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Yoruba heart and mind in a Frenchman’s body!

Remembering Pa Pierre Fátúmbí Verger, the polymath…

Pa Pierre Fátúmbí Verger was born French into a noble lineage and this great man devoted more than half of his 93-year life to the study, promotion, development and practice of Yoruba culture. His written works include some of the finest and original and impressive contributions to Yoruba herbs, curative medicine, botany etc.

At his death in 1996, this great sage left behind 30 books (mostly on Yoruba, Afro Brazilian and Afro Cuban traditions), 100 academic articles and over 65,000 photographic negatives, films and audio recordings and thousands of ethnographic data.

This enormous body of research work is very unusual because of its eclectic nature. Pa Pierre Fátúmbí Verger conducted research into any field of study that interested him, regardless of whether or not he had formal training in the field.

In the words of Alfred Metraux, Pa Pierre Fátúmbí Verger was a “Photographer, ethnographer and Babalawo”. “What a Renaissance man!”. Long before his publications in linguistics, history and ethnobotany, Pa Fátúmbí published historical research more than a decade before receiving his doctorate in history, and until his death continued to write in fields in which he had no official qualification whatsoever.

Apart from his ethnographies and histories, he published art books, children’s books and diverse articles in newspapers and popular magazines. He worked in various media including photography, film and sound recording. His work spanned several continents and incorporated documents and oral data in at least six languages.

He was initiated into the Ṣàngó cult in the towns of Ifanhin and Sakété in Dahomey (Republic of Benin) in 1947. On March 28, 1953, in the town of Ketu in Dahomey, he was initiated as a Babaláwo (Yoruba father of mysteries/secrets) or Yoruba diviner, and thus become Fátúmbí. (“He who is reborn through Ifá”). “Pierre Verger died,” he reflected, “and Fátúmbí was born”.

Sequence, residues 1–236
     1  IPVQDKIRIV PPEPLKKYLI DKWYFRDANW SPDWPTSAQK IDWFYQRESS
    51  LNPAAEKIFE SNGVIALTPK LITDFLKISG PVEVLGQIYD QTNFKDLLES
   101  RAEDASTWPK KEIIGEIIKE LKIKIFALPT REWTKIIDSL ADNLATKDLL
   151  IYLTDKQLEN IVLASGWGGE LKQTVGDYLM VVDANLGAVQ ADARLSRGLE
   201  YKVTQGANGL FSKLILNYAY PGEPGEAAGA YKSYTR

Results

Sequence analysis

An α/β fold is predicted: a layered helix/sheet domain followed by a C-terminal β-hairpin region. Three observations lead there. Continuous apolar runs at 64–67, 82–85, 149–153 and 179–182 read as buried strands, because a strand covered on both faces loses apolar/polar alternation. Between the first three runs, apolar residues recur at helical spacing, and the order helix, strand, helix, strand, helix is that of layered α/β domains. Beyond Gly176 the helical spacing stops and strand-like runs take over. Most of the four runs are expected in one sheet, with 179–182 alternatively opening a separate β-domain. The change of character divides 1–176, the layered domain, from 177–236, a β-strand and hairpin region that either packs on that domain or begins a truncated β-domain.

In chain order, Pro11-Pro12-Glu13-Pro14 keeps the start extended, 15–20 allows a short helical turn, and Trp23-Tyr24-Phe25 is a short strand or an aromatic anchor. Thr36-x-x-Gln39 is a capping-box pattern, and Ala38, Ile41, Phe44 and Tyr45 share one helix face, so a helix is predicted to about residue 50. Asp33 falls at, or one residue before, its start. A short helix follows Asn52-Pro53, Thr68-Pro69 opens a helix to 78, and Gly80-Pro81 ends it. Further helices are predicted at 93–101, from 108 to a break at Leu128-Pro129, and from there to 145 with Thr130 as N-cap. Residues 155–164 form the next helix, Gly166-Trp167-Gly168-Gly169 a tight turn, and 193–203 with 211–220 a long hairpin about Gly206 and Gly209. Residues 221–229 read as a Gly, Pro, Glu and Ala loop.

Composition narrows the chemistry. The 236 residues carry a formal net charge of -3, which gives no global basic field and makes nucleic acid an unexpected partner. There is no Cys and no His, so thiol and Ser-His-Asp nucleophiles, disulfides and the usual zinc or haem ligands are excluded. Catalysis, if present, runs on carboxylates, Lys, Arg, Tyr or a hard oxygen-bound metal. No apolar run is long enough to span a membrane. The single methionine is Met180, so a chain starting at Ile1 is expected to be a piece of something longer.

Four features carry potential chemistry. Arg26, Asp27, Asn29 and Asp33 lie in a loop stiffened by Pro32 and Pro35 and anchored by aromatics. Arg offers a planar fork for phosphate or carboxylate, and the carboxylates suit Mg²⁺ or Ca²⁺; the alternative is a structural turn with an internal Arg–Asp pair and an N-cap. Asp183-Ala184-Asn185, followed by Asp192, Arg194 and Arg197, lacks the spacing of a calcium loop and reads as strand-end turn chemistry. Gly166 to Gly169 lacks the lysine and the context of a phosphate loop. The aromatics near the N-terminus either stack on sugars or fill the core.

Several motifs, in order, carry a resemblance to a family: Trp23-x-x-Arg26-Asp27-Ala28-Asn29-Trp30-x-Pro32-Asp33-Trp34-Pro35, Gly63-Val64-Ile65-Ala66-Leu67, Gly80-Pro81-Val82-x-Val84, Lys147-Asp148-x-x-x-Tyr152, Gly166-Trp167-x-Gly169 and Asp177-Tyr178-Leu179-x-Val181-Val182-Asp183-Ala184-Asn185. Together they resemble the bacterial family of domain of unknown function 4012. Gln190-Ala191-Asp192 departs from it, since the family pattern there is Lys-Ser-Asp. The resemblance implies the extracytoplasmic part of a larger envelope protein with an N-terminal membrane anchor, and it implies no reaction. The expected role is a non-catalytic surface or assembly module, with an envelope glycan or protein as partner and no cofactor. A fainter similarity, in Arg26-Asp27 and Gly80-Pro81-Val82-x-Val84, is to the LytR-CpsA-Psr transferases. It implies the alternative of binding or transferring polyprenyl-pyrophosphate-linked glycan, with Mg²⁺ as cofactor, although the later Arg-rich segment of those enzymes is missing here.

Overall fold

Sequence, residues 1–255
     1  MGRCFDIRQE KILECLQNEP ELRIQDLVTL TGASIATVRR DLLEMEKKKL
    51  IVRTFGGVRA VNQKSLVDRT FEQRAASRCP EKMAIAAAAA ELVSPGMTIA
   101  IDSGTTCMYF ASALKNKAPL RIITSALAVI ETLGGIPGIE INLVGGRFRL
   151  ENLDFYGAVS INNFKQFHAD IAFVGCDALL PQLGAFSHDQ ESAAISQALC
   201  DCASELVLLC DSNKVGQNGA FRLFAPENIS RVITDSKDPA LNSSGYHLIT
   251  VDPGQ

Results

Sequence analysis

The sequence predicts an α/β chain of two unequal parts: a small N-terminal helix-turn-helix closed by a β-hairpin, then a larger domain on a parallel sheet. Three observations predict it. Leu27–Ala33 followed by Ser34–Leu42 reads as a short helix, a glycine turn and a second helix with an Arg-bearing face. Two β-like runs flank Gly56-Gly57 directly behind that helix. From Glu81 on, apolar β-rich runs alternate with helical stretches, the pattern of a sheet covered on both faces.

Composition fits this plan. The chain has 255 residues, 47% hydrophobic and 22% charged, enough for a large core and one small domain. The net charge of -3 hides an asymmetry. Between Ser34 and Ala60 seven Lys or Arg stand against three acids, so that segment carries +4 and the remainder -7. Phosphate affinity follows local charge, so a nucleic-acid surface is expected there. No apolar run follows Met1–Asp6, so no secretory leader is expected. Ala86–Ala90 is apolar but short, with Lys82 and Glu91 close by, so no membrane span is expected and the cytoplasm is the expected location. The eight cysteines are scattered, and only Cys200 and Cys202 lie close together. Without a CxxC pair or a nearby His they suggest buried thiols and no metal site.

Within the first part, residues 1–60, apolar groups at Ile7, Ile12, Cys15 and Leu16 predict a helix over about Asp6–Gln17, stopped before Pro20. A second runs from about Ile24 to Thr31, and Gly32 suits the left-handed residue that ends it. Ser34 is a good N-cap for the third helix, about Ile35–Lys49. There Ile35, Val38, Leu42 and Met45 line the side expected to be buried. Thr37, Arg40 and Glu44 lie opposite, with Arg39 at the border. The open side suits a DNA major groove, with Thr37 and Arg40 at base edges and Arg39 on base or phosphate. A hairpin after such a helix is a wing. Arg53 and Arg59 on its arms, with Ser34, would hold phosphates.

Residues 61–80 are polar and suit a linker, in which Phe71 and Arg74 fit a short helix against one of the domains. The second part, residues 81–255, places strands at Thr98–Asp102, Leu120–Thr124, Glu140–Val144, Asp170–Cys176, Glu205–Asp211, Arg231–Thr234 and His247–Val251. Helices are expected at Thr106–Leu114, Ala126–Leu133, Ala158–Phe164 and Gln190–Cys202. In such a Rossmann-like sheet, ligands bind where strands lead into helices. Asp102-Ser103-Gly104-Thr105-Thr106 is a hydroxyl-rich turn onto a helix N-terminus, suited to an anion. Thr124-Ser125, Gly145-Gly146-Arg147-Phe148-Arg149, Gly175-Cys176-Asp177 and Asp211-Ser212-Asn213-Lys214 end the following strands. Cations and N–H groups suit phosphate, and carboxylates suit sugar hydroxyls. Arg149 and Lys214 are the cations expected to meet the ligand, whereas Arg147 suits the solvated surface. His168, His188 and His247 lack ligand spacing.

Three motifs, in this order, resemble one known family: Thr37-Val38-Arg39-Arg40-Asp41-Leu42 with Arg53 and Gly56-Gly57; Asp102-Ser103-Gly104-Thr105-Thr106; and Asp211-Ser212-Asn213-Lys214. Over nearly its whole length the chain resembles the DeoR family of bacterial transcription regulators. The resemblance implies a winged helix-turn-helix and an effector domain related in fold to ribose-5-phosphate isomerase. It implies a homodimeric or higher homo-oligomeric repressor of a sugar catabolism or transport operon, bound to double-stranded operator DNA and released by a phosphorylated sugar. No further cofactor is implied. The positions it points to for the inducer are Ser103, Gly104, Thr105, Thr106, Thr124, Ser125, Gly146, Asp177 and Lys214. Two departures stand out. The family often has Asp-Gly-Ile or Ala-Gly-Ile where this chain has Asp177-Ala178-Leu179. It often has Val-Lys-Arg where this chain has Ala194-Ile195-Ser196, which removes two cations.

He died in 1996 in his modest home in Salvador upon completion of his final book, Ewé. This study of some 2,000 Yoruba medicinal recipes and spoken verses associated with over 3,500 plants was the fruit of forty years’ experience as a Babaláwo. Shortly before his death, he said:, “I don’t try to understand things, I try to live them”.

The book – Ewé is impressive. With 744 pages, no other book compares in terms of depth and research. The book presents 447 formulae in their original Yorùbá version and in English, classified under:

Oògùn (remedies for healing the body);

Ìbímọ (remedies relating to pregnancy and birth);

Òrìşà (works to worship Yorùbá deities);

Àwúre (beneficent works);

Àbìlù (evil works)

Ìdàábòbò (antidotes to “evil works” , or “protective works”).

The book provides an in-depth glossary of Yorùbá plant names and their corresponding scientific classifications, and explains the relationship between the names given and the action expected from them.

This poetic association facilitates the communication of knowledge which has been orally passed down through the generations. The book also sheds light on the workings of a culture that is radically different from those founded on the written word.

Pa Pierre Fátúmbí Verger was one of the greatest scholars to ever walked this planet.

References:
1. Cohen P. F: “Pierre Fatumbi Verger As Social Scientis” Cahiers du Brésil Contemporain, 1999

2. Pierre Fatumbi Verger: “Ewé. The use of plants in Yoruba Society” (1995).

3. Pierre Fatumbi Verger Foundation (http://www.pierreverger.org/en/pierre-fatumbi-verger-en/biography/introduction-2.html

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4. Obituary (

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